I've argued against the extreme critique of U.S. policy in Ukraine, one that the Russian foreign ministry regularly trumpets and a small but vocal sliver of the left has embarrassingly embraced. The question remains: Should the United States have been involved in Ukraine at any level?
Why can't one criticize both Washington's foreign policy machinations while also decrying Putin's excesses? Adopting such a position seems clear as day and a "no-brainer," yet the left cannot seem to get beyond the narrow confines of its own ideological fixations.
The idea that the world we create at a personal level can influence if not determine the sort of world we create at the national and international level seems naïve, perhaps, unless one looks at the default alternative, consigned to us by the media: that our role is to be a spectator in the global wrestling arena.
The best way to limit Russian aggression is to strike at their economy, and thus their ability to finance these illegal operations.
The crisis in Ukraine has only highlighted the need for both Europe and Russia to diversify beyond Gazprom's gas exports to Europe.
Russia's brazen annexation of Crimea presents a vexing foreign policy crisis for the Western powers. How can these actions be denounced without pointing a finger back upon their own forays and interventions?
Crimea is gone. Increased sanctions and criticism from the West will not stop Russia's annexation of this largely ethnic-Russian peninsula. As Ukraine now withdraws its troops from Crimea, America and its allies should instead focus their diplomacy on the preservation of a democratic Ukraine.
On the edge of Kabul, Afghanistan, framed by the snowy peaks of the Hindu Kush, lies the Darul Aman Palace, the former home of Afghan King Amanullah Khan.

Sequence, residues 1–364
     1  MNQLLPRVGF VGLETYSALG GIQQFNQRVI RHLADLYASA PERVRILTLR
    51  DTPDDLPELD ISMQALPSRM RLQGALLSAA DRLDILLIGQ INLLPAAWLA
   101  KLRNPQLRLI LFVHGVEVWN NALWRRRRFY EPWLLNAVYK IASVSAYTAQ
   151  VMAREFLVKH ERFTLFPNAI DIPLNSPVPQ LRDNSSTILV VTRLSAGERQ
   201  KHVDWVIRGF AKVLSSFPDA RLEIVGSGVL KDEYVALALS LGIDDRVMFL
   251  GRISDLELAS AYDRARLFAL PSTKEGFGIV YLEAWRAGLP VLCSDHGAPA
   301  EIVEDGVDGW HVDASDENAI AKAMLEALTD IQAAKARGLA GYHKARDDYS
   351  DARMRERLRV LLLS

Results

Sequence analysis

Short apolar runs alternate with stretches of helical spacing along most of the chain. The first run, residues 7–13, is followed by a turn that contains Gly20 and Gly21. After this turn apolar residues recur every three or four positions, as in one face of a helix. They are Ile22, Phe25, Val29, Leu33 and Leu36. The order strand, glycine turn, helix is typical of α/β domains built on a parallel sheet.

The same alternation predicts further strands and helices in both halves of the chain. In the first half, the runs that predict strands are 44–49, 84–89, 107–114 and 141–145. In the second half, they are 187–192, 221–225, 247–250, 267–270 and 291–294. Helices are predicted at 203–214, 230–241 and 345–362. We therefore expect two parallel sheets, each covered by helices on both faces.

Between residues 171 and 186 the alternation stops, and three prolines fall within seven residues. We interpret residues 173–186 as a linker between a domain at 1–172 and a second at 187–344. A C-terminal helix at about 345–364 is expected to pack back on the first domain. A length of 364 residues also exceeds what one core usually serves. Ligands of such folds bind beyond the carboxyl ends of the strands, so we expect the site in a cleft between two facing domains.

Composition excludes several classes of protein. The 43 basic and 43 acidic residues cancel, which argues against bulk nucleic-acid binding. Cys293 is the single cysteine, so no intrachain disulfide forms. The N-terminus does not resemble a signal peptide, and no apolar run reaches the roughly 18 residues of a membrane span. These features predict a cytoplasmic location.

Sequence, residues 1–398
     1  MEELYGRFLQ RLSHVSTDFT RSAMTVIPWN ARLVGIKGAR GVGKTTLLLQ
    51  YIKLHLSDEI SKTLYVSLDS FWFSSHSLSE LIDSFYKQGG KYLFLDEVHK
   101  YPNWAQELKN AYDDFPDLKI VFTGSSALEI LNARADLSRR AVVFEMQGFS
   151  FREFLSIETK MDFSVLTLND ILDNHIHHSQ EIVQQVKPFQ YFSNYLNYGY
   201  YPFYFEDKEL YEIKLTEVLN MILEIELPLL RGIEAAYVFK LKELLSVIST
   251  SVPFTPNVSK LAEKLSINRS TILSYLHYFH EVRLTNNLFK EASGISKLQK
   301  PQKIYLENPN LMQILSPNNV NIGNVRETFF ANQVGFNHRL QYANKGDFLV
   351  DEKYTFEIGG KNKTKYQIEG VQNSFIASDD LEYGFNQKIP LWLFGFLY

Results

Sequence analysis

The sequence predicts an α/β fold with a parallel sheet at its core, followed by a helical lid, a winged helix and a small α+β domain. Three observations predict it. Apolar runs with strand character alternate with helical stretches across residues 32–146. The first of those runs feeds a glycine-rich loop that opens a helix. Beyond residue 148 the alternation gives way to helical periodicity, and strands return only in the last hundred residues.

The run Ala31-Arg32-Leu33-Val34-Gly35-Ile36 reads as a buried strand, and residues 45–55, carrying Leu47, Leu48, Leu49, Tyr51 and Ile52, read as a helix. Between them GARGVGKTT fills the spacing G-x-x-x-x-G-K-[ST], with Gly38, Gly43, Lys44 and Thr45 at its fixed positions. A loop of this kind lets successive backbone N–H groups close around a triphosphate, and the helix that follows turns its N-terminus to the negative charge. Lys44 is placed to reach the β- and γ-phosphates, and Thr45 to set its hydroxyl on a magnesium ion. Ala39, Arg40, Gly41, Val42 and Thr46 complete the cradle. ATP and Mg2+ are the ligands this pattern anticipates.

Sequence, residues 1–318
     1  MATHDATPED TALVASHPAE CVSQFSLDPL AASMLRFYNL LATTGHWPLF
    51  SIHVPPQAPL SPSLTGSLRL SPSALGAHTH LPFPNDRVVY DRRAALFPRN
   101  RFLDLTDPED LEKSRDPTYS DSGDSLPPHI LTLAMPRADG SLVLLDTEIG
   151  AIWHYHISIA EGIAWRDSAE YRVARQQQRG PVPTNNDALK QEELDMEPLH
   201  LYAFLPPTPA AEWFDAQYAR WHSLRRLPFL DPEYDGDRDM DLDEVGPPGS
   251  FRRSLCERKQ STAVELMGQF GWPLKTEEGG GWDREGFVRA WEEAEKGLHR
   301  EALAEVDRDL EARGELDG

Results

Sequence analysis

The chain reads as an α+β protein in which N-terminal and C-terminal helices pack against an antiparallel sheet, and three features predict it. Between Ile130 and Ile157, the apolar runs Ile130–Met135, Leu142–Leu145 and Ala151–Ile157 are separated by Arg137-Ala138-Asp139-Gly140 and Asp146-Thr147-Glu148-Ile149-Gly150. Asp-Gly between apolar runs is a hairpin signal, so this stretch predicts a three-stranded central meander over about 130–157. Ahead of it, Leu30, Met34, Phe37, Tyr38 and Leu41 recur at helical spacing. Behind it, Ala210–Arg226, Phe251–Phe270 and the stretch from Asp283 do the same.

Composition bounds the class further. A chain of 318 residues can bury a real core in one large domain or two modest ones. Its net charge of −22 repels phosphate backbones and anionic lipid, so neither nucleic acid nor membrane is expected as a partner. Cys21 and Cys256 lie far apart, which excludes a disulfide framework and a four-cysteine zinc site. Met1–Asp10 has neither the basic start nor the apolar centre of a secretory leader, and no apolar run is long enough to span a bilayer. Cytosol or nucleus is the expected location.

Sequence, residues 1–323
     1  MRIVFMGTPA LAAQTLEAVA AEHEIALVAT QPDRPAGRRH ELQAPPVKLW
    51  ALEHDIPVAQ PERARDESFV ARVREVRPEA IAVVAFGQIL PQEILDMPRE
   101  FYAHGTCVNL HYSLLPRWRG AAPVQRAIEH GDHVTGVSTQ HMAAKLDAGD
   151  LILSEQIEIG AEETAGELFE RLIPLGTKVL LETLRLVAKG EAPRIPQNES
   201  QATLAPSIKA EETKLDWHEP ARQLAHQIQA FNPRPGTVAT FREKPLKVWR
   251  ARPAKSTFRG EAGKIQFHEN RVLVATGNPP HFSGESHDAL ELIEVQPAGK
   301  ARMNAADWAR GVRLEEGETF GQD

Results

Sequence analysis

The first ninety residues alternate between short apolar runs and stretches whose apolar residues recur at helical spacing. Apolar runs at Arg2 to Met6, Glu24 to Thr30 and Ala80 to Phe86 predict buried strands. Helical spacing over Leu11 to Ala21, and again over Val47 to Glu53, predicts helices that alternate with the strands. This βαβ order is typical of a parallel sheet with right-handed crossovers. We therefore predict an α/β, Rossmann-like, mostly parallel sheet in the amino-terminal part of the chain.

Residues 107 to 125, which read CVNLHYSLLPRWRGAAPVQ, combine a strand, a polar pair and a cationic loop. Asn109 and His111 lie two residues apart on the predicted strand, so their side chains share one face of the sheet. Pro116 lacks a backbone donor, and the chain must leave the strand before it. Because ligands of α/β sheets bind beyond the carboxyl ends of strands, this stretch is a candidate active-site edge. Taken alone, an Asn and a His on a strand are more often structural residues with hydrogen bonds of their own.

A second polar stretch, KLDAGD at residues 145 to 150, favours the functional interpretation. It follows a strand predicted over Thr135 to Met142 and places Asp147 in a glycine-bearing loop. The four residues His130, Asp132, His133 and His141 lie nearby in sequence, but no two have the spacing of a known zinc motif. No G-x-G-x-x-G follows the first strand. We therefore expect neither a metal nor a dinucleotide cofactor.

America's extreme right has long been known for its gratuitous flag waving -- but who ever thought the flag would be Russian? As the crisis in Ukraine unfolds, it is becoming crystal clear that leading social conservatives and their advocacy groups are grappling with a patriot problem.
This is no Putin victory, and no Obama loss. It is a brazen Russian reassertion of interests. But being back in the USSR is of dubious benefit and no reward.
The referendum in Crimea was neither an exercise in democracy, consulting Crimeans on important decisions about their future; nor was it an effective conflict management tool, distributing power between competing interests.
Congrats to Vladimir Putin! His voter tampering has succeeded! (It's easy to vote the "right" way when you've got a gun pointed at your head). Just another day of democracy-in-action for good ol' Vlad.
No amount of blustery rhetoric from the White House would have changed the fact that the United States has no vital interest in keeping Crimea's ethnic-Russian majority population in Ukraine.
Crimean authorities should urgently conduct a thorough investigation into the enforced disappearance and subsequent killing of Reshat Ametov, a Crimean Tatar from the Simferopol region, and bring the perpetrators to justice.
If Russia and President Putin are ready to go to war to claw back some or all of the territories lost when the Soviet Union broke up in 1991 no concessions on Crimea will prevent that from happening.
Solovyov's thought may hold the key to resolving this entire conflict. To begin with, his philosophy is by far the most inclusive of the options available to us.